Defendants here argue that the pleading of the aiding and abetting claim is deficient because it fails to allege that any specific Defendant knew that any other Defendant intended to violate the CEA. The CCAC alleges that

Defendants were in regular and virtually continuous contact with one another, including regular and extremely frequent communications with respect to the spot price of natural gas and natural gas futures contracts. During these ongoing communications, Defendants worked to report misinformation and to create false impressions of trading activity, specifically intending to manipulate the prices of natural gas futures and options to benefit their market positions to the detriment of other market participants.
(CCAC ¶ 4.) When viewed in the light most favorable to Plaintiffs, as the Court must do at this stage of the litigation, this and other statements throughout the Complaints, supplemented by the information contained in the FERC Final Report and other documents incorporated into the Complaints, sufficiently allege an aiding and abetting claim to withstand a motion to dismiss.

  D. STATUTE OF LIMITATIONS

  Finally, Defendants argue that the CEA's two-year statute of limitations, which provides that any private action for violation of the CEA "shall be brought not later than two years after the date the cause of action arises," bars Plaintiffs' claims. CEA § 22(c); 7 U.S.C. § 25(c). Plaintiffs filed their first complaint in this action on August 18, 2003 and seek recovery for activities that occurred as early as January 1, 2000.

  A cause of action "arises" under the CEA when a party is placed on inquiry notice of the violation, or, in other words, "when circumstances would suggest to a person of ordinary intelligence the probability that he has been defrauded." Kolbeck v. LIT Am., Inc., 923 F. Supp. 557, 564 (S.D.N.Y. 1996).

  Plaintiffs assert that Defendants' fraudulent concealment of their allegedly unlawful activities should toll the statute of limitations. The statute of limitations for a violation of the CEA may be tolled if a plaintiff can show fraudulent concealment of the violation by a defendant. See In re Issuer Plaintiff Initial Public Offering Antitrust Litig., No. 00 Civ. 7804, 2004 WL 487222 (S.D.N.Y. Mar, 12, 2004); In re Nine West Shoes Antitrust Litig., 80 F. Supp. 2d 181 (S.D.N.Y. 2000). The doctrine of fraudulent concealment serves to "prevent a defendant from `concealing a fraud, or . . . committing a fraud in a manner that it concealed itself until such time as the party committing the fraud could plead the statute of limitations to protect it.'" New York v. Hendrickson Bros., Inc., 840 F.2d 1065, 1083 (2d Cir. 1988) (quoting Bailey v. Glover, 88 U.S. (21 Wall.) 342, 349 (1874)).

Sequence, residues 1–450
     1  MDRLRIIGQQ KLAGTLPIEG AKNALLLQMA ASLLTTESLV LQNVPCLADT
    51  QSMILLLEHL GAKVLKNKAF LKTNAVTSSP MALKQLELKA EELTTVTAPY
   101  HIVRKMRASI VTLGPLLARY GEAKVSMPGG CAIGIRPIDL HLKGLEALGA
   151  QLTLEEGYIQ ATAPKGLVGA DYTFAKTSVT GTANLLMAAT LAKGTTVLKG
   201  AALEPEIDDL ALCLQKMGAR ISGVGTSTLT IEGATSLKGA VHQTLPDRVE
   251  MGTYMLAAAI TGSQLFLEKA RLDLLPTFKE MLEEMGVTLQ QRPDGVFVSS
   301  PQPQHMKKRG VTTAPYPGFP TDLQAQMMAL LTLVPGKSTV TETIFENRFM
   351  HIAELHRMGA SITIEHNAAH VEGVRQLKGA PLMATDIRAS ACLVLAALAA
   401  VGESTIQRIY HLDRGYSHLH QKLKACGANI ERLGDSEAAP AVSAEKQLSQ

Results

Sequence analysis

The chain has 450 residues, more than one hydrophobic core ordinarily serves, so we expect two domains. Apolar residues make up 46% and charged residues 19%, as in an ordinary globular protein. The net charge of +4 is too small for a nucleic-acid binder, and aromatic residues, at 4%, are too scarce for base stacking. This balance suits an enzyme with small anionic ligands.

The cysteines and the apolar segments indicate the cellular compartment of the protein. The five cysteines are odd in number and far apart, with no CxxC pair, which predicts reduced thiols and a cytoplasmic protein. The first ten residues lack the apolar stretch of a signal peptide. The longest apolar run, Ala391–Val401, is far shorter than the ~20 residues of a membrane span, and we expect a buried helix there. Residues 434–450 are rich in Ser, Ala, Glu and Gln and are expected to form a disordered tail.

A plaintiff asserting fraudulent concealment as a reason to toll the applicable statute of limitations must show (1) that the defendant concealed the existence of the CEA violation; (2) that the plaintiff remained unaware of the violation during the limitations period; and (3) that the plaintiff's continuing ignorance as to the claim was not a result of a lack of due diligence. See Issuer Plaintiff, 2004 WL 487222, at *3; Nine West, 80 F. Supp. 2d at 192. A plaintiff may show concealment "by showing either that the defendant took affirmative steps to prevent the plaintiff's discovery of his claim or injury or that the wrong itself was of such a nature as to be self-concealing." Hendrickson, 840 F.2d at 1083.

  Plaintiffs assert that Defendants actively concealed their allegedly unlawful activities from the public, and they alternatively allege that those activities were self-concealing. Plaintiffs claim that they filed their initial complaint well within two years of when they could first be expected to have knowledge of those activities, which they identify as November 20, 2002. On that date, the Lieutenant Governor of California filed suit on behalf of California consumers against several defendants in this litigation for conspiring to report and publish false prices for natural gas in an effort to manipulate the price for natural gas in the physical market.